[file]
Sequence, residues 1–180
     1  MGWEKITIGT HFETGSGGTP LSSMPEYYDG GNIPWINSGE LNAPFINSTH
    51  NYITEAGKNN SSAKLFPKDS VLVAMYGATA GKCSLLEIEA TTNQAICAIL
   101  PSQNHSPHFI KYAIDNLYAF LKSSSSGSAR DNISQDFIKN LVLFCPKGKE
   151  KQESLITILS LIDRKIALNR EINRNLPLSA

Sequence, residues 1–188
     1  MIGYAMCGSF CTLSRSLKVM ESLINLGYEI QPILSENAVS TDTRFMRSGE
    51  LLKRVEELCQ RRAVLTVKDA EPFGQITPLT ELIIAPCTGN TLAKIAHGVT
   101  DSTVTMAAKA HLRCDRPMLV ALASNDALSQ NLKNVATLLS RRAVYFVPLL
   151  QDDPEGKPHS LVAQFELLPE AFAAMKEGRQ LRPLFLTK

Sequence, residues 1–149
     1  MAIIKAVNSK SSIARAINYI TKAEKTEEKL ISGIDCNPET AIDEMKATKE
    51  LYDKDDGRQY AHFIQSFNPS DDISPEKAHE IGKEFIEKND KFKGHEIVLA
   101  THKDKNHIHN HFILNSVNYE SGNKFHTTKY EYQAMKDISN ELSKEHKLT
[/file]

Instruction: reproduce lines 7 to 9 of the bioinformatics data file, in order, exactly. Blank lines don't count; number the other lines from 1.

     1  MIGYAMCGSF CTLSRSLKVM ESLINLGYEI QPILSENAVS TDTRFMRSGE
    51  LLKRVEELCQ RRAVLTVKDA EPFGQITPLT ELIIAPCTGN TLAKIAHGVT
   101  DSTVTMAAKA HLRCDRPMLV ALASNDALSQ NLKNVATLLS RRAVYFVPLL